China was, and will always be, in its heart of hearts, an empire — whether it is royal, revolutionary, or techno-bureaucratic-communist-cum-capitalist.
Grief hit what may be its peak of glamor between 1815 and 1915. The devastating losses of the Civil War, suppression of women’s rights, and Victorian and Edwardian affinity for the macabre resulted in generations of widows spending years in their dour “weeds.”
The Metropolitan Museum of Art’s Costume Institute is hosting a fall exhibition for the first time in seven years, and it will be a decidedly somber affair. Announced today, the show focuses on Victorian and Edwardian mourning fashions.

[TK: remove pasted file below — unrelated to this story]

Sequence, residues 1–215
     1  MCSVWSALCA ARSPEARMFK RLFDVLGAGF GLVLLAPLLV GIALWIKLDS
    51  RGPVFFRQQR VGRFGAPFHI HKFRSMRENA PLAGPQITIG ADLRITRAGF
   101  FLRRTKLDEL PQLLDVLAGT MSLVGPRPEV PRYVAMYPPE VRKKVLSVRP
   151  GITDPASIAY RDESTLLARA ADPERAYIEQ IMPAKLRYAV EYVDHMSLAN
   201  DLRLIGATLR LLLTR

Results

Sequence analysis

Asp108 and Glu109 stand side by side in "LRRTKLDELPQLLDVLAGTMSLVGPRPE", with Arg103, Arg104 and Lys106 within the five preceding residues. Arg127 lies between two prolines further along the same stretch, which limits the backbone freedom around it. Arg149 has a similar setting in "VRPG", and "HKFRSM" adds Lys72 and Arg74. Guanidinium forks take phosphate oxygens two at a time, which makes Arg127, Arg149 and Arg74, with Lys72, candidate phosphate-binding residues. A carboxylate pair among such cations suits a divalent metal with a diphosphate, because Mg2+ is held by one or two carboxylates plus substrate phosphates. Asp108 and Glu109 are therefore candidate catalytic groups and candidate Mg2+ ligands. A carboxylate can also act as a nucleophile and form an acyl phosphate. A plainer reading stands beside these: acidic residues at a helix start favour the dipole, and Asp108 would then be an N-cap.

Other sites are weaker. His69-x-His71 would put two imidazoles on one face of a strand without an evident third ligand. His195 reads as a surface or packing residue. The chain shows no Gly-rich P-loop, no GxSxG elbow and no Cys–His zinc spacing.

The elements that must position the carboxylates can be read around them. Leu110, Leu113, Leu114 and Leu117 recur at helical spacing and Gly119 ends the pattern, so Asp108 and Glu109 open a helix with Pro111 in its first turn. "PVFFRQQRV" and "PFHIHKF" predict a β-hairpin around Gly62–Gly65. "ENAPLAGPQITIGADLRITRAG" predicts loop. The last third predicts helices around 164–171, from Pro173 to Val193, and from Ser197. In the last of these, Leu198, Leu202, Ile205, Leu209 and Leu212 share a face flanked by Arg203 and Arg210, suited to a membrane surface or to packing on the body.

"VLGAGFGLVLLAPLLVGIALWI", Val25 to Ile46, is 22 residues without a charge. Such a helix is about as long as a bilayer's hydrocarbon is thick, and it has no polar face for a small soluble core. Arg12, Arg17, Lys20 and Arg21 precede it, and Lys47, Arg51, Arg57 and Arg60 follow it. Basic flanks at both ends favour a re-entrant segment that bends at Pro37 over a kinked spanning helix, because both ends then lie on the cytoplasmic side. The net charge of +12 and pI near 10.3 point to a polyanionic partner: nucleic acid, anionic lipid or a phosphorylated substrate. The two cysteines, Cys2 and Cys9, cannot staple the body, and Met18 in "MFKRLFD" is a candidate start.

Charles James is probably not a name that is as instantly recognizable in fashion as Coco Chanel or Christian Dior, but as the Metropolitan Museum of Art’s new exhibition, Charles James: Beyond Fashion shows us, his work and legacy transcend the zeitgeist and ushers us back to a period of supreme, magnificent decadence in American fashion.